A comprehensive account of the bloodiest battle in American history.
Caddick-Adams (Military History/U.K. Defence Academy; Monte Cassino: Ten Armies in Hell, 2013, etc.) points out that beginning in 1943, Hitler stopped appearing in public, and his knowledge of the world was based solely on phone, radio and written reports. The failed assassination attempt on July 20, 1944, organized by army officers, did not improve his usual paranoia and made him even less inclined to listen to military advisers. Announced in September 1944, a massive offensive was “irrational, counterintuitive, even suicidal.” It was less a counterattack than a “political game-changer that would shatter the coalition ranged against him” and prove to the nation that, despite the plot to remove him, he was still in control. As expected, his generals hated it. The buildup required withdrawing essential forces from the Russian front, denuding the remaining reserves, and creating new units of poorly equipped and inadequately trained men formerly considered too young or too old to fight. Launched on Dec. 16, 1944, it succeeded brilliantly for a week and then stalled as defenders fought with unexpected stubbornness, the terrible weather took its toll, and superior numbers, technology and logistics (the Wehrmacht depended on horse-drawn transport) won the day. As Caddick-Adams notes, “campaigns like the Ardennes remind us that in most cases to prosecute war with success ultimately you must do this on the ground…by putting your young men (and today, women) in the mud.” The author also provides a comprehensive glossary and two sections that will be of most interest to military historians: “Orders of Battle” and the “comparative rank structures” of the German, American and British forces.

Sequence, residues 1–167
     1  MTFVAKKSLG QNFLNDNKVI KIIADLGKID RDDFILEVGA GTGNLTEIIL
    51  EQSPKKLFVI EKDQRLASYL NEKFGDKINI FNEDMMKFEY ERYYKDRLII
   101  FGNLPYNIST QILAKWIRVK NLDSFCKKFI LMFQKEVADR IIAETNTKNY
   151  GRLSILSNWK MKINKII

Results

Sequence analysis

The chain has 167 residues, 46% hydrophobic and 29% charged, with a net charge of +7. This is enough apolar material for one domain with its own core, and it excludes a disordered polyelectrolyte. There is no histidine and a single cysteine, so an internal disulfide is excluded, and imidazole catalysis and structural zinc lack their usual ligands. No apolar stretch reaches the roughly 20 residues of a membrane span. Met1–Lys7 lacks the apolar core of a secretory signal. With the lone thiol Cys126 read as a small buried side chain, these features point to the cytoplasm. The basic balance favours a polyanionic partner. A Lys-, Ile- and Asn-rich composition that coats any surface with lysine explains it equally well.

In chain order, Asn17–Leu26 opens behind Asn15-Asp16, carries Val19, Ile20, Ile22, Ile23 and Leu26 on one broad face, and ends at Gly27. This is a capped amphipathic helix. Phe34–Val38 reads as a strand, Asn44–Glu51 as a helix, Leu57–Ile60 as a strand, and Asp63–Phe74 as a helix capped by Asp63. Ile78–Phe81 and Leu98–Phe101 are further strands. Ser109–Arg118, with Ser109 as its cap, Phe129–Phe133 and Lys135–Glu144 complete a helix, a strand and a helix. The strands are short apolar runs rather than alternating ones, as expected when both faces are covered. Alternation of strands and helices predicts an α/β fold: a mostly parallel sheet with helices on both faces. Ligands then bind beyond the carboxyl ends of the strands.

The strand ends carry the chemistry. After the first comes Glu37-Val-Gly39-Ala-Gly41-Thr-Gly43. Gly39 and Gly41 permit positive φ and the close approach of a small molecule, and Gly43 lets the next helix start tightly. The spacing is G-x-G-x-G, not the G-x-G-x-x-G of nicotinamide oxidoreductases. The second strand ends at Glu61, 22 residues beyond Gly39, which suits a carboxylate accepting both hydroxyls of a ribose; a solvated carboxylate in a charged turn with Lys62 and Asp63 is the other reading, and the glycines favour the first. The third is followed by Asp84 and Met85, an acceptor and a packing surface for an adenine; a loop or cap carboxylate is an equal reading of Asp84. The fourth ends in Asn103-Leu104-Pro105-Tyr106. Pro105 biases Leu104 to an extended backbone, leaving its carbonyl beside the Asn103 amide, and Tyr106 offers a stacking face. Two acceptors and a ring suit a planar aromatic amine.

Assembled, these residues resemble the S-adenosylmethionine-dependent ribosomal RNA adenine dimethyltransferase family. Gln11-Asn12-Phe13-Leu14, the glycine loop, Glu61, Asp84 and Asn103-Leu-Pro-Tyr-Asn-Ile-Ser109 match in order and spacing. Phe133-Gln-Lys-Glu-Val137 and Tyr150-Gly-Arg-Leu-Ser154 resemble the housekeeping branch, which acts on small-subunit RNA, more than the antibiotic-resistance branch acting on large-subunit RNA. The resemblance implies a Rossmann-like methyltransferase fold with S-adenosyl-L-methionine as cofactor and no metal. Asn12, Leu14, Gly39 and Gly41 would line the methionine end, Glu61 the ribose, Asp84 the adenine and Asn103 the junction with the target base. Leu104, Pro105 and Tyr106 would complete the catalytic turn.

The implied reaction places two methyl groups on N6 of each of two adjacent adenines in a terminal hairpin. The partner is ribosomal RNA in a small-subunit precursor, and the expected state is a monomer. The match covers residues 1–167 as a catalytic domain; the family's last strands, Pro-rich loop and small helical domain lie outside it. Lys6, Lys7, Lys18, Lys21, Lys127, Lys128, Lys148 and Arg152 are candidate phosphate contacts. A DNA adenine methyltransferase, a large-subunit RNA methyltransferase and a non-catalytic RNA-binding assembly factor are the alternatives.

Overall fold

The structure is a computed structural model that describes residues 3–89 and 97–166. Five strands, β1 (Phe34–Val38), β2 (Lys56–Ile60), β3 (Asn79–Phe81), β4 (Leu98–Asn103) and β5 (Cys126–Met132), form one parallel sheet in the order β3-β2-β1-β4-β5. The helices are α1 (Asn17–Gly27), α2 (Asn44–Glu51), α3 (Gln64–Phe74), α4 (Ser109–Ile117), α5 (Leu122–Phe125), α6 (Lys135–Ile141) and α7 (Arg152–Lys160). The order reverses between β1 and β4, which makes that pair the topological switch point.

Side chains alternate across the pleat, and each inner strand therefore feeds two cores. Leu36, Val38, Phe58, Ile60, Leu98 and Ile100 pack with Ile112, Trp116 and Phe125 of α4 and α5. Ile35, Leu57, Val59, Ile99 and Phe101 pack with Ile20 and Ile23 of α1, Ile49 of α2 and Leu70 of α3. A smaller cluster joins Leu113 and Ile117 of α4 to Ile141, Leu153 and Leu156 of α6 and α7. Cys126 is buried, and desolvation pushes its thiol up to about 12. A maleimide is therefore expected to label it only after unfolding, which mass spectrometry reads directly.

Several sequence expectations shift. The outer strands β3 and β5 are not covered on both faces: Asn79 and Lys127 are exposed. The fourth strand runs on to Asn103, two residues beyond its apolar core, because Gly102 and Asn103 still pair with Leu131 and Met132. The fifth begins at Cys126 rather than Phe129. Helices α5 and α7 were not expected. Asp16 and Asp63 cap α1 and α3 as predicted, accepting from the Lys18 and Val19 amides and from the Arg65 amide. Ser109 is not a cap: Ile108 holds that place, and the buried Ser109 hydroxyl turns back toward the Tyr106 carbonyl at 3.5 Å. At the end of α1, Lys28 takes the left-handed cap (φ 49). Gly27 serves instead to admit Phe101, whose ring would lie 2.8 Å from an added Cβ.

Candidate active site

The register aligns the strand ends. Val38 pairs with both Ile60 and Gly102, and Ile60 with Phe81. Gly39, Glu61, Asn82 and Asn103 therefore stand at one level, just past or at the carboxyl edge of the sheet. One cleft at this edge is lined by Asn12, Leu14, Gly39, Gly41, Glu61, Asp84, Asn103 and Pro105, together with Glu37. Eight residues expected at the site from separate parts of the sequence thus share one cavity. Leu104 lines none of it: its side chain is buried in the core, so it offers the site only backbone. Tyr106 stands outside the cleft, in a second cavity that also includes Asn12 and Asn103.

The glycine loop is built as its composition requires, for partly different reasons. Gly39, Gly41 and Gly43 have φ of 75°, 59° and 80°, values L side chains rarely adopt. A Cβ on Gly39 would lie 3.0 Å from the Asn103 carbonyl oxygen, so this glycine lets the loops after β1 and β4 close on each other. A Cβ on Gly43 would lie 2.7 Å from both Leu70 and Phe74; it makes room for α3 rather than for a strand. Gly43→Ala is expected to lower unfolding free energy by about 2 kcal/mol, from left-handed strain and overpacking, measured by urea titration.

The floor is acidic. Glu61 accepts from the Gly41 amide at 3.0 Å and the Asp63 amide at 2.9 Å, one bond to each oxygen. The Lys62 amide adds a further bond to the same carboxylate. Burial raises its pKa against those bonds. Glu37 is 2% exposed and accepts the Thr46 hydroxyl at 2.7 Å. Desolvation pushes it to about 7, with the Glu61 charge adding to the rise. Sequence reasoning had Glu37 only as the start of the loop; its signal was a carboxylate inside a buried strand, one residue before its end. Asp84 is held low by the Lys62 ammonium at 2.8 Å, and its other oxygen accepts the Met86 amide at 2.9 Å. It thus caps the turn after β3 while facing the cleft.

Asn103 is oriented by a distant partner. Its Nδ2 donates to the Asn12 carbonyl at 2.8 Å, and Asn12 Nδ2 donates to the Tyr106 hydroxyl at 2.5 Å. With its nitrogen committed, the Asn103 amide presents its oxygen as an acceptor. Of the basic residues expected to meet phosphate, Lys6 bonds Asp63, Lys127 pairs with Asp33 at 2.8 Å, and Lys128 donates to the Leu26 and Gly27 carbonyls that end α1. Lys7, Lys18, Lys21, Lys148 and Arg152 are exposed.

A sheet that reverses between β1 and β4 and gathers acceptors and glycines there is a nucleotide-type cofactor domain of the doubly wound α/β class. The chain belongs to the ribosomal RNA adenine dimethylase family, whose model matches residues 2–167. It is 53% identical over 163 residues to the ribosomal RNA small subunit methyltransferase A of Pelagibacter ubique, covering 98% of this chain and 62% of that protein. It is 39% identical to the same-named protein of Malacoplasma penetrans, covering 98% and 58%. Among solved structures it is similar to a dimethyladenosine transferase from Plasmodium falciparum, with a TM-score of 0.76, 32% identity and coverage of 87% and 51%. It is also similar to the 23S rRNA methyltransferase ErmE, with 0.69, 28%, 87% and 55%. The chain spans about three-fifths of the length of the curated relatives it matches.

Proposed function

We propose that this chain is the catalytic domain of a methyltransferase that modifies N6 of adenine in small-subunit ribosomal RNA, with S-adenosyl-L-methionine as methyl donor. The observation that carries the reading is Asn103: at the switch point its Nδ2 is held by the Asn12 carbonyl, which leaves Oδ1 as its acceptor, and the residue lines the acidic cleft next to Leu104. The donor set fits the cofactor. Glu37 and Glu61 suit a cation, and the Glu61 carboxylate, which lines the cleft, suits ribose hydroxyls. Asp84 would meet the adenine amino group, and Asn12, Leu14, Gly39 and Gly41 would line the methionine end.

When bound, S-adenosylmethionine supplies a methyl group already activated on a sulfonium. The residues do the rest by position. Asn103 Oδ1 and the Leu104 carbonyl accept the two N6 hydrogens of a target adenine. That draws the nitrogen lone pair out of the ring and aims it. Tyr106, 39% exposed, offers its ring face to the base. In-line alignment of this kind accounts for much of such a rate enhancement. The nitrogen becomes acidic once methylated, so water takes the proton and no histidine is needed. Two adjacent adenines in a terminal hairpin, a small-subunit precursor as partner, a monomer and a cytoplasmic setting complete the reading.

Filling over 800 pages, Caddick-Adams casts a wide net, delving deep into the background, conduct, consequences and even historiography of this iconic battle, so even experienced military buffs will find plenty to ponder.